Yes, you read that right. Preparation and ample transition are going to be your friend. Having a helpful step or two before the routine even starts is going to help, I promise.
Here are some examples:
– “Special Time”
This is an easy and really effective strategy for every child and it’s especially good for new older siblings. Special Time is 15-20 minutes of 100% one-on-one child-led play. Your child gets to be THE BOSS. They tell you what to be/say/do. For two- and three-year-olds, this gives them a little dose of being in charge so they don’t have to act that out at bedtime. For children who have just become an older sibling, it gives them a little bit of “only child” time. It’s also a beautiful segue between dinner and starting to get ready for bed.
– “Heavy Work”
Heavy work is really games meant to give little bodies some BIG input. For some active kiddos, they actually need this strong input to their joints and that can help them downshift. If you have a child who’s roughhousing, or crashing into things or jumping at bedtime, this is going to be like magic.
Heavy work includes activities like racing a laundry basket full of books down the hallway, or tug-of-war with a towel, or crashing into pillows. I know it sounds like the exact opposite of a soothing activity, but it really does work.
– Bedtime Yoga or Stretching
Bedtime yoga or stretching really helps little ones calm their body down. It’s a great way to help them calm that active brain down, too! These physical strategies for calming can really lay down a great lifelong foundation of understanding how to slow and calm their bodies for sleep.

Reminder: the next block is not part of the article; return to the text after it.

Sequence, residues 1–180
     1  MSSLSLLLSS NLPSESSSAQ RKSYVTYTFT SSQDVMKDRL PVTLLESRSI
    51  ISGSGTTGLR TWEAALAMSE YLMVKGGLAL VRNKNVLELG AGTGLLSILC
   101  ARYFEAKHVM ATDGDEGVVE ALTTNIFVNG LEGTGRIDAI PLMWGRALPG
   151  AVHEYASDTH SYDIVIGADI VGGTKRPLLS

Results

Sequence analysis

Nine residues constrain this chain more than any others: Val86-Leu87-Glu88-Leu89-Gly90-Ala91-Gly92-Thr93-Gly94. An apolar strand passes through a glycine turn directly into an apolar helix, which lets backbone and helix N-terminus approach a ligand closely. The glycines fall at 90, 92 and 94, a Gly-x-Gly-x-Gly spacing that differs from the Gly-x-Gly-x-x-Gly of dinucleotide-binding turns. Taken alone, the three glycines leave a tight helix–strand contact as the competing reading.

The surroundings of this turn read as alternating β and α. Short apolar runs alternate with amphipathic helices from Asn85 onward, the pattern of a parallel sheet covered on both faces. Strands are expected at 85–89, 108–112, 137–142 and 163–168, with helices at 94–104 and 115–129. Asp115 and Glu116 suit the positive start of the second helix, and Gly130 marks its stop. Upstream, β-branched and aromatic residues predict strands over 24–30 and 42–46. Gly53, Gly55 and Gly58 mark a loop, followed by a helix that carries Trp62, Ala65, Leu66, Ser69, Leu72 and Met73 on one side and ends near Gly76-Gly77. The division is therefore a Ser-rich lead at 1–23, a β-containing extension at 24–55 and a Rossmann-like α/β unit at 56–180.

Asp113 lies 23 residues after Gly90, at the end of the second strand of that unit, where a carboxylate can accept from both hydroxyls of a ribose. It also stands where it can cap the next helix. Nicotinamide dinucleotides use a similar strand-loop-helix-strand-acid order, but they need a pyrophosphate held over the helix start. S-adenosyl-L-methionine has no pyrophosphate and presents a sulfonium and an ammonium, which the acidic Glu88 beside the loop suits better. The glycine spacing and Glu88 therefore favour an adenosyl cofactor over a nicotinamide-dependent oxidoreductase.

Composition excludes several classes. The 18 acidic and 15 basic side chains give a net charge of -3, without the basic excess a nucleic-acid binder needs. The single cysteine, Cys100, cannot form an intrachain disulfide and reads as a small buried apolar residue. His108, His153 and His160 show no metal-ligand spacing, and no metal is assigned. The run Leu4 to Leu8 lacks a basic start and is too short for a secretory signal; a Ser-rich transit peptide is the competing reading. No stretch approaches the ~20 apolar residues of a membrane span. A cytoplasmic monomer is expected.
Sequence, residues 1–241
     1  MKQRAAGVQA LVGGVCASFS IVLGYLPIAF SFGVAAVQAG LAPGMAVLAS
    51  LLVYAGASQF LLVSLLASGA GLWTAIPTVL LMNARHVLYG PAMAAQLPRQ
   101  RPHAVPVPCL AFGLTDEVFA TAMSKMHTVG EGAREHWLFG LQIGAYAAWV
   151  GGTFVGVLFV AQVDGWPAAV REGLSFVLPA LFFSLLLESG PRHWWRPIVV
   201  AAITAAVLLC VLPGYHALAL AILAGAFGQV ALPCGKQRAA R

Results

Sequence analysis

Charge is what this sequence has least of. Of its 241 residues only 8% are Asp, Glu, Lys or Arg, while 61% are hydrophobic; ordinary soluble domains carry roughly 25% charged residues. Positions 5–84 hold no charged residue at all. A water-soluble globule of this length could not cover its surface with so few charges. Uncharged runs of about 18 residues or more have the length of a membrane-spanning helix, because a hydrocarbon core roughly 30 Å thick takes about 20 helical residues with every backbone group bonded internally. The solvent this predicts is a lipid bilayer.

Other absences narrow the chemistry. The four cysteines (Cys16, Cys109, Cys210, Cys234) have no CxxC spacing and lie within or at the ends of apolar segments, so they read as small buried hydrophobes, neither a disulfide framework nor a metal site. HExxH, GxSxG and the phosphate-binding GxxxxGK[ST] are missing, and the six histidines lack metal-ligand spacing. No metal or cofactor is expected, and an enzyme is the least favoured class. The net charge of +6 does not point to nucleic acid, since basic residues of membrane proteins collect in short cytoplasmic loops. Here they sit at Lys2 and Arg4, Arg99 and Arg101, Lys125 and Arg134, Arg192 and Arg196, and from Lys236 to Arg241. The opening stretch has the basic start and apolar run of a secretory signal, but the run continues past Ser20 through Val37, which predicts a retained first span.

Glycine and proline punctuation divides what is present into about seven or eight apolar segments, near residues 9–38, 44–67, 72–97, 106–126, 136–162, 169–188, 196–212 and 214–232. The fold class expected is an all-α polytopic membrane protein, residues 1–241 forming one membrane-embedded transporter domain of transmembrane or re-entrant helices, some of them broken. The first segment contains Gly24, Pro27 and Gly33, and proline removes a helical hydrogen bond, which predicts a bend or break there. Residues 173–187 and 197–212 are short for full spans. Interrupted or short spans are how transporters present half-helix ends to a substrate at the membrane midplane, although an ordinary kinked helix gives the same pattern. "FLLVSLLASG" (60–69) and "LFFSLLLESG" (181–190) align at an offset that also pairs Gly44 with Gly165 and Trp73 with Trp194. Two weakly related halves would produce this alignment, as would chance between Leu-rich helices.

4. Rethink the steps in the bedtime routine.
For some children, the usual activities that we associate with a bedtime routine don’t actually help and may, in fact, rev them up, and isn’t that the last thing we want at bedtime?!
So, consider these questions to reach a conclusion:
– Are bedtime baths really helping?
Baths and the feeling of water can make some children more awake. Ask yourself if the bath helps them calm down and focus or is it waterpark funtime?
SOLUTION: Move the bath to the daytime.
– Are the storybooks really helping?
Some really verbal/visually-oriented kiddos can get revved up by picture books. So monitor whether the story helps them focus or does it just cause a million questions and thoughts and ideas.
I once had a client who would make up a story on the spot every night while their verbal three-year-old was falling asleep. I asked if that helped the child fall asleep and the answer was an emphatic, “No way. She just wants to add on to the story and ask questions.”
If the books/stories aren’t helping you, time to think of something else to do.
SOLUTION: Recorded sleep visualization stories. These recorded stories require the child to listen to the story, rather than look at pictures.
These stories have an additional secret bonus: they’re constructed to help your livewire use their imagination to relax. Yes! The story is specifically to teach an active little brain to quiet itself.
There are tons of different stories on the Mochi, Calm, and Headspace apps, Audible, YouTube, etc. Just Google “sleep visualization stories for children.”
– Is it game-on for conversation and lots of thoughts and questions?